Bob Doyle

Hero is laid to rest

The Irish Post, February 11, 2009

THE LAST surviving Irish volunteer who fought on the Republican side against Franco in the Spanish Civil War has died in London. He was 92.

Bob Doyle was born into poverty in Dublin in February 1916.

After being beaten up in street fights with the Blueshirts which left him with permanent damage to one eye, he was recruited into the IRA by Kit Conway, whom he later followed into the Communist Party and the Republican Congress. Conway was killed in action in the Battle of Jarama on Doyle's 21st birthday, but Doyle was not to be dissuaded from joining the fight against fascism. Among the group he led into Spain was the writer Laurie Lee.

After fighting at Belchite, he was captured at Gandesa by Italian fascist troops in 1938, along with Irish International Brigade leader Frank Ryan. He was imprisoned for 11 months in a concentration camp near Burgos.

There he was regularly tortured by Spanish fascist guards and interrogated by the Gestapo before being released in a prisoner exchange. He enlisted in the British merchant navy during the second World War before settling in London with his Spanish wife, Lola.

He became active in the Fleet Street print trade unions and was one of the leaders of a successful six-week national strike in 1959 for a 40-hour week. During the Notting Hill race riots of 1958, Doyle, who lived in the area, organised patrols to protect immigrant West Indians. In October 1993 he starred in the BBC2 Video Diaries documentary Rebel Without A Pause which showed him travelling to Spain to campaign for a memorial at the unmarked mass grave containing the International Brigade dead of the Battle of Jarama of February 1937, including Kit Conway and the Irish poet Charles Donnelly, whose niece, Cluna Donnelly, made the film. An inscribed plaque was subsequently unveiled in October 1994.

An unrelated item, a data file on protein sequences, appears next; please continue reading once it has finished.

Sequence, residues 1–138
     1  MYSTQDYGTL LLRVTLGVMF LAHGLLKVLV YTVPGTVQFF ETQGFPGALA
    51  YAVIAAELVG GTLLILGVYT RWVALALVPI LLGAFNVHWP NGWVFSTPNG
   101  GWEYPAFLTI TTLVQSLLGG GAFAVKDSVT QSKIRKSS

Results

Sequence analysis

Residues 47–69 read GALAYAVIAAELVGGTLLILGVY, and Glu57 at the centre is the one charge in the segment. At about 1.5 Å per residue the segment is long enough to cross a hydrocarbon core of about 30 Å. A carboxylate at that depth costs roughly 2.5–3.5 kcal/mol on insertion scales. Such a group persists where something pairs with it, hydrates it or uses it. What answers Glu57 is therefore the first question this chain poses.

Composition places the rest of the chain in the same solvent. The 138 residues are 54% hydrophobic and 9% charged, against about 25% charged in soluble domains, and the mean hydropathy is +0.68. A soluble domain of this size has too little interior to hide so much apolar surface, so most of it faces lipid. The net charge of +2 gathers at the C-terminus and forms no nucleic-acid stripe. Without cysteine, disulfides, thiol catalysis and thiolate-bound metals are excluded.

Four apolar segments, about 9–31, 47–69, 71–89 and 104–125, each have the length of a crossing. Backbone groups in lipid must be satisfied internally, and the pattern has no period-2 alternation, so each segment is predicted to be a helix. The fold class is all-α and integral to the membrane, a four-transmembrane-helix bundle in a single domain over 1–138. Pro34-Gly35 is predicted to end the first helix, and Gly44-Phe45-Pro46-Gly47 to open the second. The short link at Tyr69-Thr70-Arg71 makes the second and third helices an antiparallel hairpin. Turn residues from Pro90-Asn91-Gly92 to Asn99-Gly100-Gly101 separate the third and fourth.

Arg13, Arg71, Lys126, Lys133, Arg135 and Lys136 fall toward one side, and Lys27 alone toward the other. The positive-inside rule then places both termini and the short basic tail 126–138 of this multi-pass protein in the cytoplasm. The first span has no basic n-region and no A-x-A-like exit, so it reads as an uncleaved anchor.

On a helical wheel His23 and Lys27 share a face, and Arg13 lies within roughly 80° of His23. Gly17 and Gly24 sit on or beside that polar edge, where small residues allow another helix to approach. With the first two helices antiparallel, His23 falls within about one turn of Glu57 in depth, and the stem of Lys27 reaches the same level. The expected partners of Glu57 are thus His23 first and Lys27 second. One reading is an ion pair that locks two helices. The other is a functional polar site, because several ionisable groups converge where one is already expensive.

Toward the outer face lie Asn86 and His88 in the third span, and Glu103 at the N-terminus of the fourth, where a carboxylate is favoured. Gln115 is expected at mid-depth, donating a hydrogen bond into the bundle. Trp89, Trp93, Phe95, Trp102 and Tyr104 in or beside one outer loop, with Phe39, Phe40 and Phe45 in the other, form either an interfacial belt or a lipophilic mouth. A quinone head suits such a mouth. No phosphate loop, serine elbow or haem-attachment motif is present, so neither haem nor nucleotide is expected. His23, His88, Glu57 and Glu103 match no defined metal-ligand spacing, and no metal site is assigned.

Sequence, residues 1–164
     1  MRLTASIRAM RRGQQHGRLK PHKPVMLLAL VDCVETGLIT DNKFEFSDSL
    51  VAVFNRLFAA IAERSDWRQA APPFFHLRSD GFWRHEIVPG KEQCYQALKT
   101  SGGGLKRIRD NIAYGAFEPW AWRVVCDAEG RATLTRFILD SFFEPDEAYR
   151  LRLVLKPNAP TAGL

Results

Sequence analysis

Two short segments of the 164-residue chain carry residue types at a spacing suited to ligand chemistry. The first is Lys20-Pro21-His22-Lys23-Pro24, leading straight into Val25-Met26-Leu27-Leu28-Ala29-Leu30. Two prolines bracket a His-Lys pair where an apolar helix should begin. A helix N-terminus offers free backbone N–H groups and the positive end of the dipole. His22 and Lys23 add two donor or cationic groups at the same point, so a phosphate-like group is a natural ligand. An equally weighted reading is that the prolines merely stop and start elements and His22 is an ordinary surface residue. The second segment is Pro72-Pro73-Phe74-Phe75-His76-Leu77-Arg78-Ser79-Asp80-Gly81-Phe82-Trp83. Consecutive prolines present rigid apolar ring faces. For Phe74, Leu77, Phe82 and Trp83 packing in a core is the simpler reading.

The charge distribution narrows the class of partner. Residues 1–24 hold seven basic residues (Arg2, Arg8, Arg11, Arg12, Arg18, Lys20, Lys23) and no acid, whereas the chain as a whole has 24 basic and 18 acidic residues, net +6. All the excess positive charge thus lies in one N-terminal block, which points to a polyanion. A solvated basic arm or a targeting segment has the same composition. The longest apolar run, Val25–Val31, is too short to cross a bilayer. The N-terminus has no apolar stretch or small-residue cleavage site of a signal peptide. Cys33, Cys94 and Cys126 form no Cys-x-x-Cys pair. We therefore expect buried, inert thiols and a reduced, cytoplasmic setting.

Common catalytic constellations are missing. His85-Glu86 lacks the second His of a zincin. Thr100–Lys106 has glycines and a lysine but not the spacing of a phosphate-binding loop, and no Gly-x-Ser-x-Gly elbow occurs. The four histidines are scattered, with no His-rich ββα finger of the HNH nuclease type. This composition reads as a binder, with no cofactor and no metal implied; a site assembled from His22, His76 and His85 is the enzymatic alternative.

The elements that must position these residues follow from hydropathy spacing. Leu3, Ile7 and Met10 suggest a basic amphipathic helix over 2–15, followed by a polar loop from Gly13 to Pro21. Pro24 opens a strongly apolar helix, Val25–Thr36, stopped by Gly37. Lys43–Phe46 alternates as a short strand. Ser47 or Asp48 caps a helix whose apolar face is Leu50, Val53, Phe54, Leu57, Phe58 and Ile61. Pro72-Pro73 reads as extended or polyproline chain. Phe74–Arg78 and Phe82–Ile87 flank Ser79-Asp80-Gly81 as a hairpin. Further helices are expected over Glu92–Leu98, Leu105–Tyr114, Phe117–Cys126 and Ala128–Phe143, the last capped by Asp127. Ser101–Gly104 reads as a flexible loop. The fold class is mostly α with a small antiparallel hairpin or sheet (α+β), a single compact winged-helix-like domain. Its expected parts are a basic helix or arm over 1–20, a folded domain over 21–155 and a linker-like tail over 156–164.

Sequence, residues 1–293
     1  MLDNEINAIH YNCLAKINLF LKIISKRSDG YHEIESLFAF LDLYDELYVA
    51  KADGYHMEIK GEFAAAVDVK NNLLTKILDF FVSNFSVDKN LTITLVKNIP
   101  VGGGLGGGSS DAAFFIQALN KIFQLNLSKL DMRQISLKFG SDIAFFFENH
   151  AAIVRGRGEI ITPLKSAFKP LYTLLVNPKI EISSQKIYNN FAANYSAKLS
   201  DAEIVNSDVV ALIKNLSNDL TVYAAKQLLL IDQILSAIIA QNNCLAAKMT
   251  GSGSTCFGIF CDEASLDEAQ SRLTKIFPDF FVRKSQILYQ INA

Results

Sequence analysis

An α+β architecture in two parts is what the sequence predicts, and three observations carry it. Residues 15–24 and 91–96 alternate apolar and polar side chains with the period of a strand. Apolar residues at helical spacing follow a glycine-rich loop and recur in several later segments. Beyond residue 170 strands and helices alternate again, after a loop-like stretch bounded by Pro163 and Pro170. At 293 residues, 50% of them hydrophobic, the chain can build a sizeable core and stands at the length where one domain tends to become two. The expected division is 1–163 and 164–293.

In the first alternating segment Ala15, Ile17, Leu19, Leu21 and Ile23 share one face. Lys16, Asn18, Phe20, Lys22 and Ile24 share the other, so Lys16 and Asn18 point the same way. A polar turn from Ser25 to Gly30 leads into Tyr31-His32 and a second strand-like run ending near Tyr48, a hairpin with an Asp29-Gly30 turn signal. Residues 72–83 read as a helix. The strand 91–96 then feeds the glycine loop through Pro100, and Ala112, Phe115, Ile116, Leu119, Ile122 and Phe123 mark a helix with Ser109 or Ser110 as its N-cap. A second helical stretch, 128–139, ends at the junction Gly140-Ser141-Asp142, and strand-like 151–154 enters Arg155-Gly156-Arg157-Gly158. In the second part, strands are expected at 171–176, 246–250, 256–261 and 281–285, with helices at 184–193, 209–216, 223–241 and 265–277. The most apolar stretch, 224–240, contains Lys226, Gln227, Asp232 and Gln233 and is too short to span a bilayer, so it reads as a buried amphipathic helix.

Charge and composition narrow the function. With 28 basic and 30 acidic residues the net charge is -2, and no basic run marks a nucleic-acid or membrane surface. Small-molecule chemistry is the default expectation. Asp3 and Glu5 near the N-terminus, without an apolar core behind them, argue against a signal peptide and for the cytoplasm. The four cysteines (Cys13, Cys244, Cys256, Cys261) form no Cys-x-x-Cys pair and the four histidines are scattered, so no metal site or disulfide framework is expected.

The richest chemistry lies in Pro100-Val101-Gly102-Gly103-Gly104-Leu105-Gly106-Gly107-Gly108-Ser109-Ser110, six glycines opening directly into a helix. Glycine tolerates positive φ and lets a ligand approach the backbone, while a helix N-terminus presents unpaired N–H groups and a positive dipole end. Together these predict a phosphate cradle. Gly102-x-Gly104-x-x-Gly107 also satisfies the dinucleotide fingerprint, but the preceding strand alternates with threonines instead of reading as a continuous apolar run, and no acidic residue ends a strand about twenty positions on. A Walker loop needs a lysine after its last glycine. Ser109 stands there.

It was not Doyle's first time in front of the camera. His son Julian was a cameraman on the Monty Python films and Bob featured as a human doorbell in Jabberwocky. In 2002 Doyle published his Spanish-language autobiography, Memorias de un Rebelde Sin Pausa, followed in 2006 by an English-language edition, Brigadista: An Irishman's Fight Against Fascism.

"Memorials are important," Bob Doyle told The Irish Post in an interview in 1993, "because they remind people of the significance of historical events. With fascism and racism on the rise today, it is important history isn't swept under the carpet. In the twilight years of my life I recognise more and more the proudest thing I ever did was to participate in a noble, worthwhile struggle and it's the last thing I'm going to do."

His funeral took place on Tuesday, February 10, in Golders Green crematorium, north London. His family will hold a commemoration in Dublin this Saturday, February 14, at noon at the Garden of Remembrance, Parnell Square, before heading to Liberty Hall where a wreath will be laid at the plaque with the names of 60 Irish Brigadiers who died in Spain.

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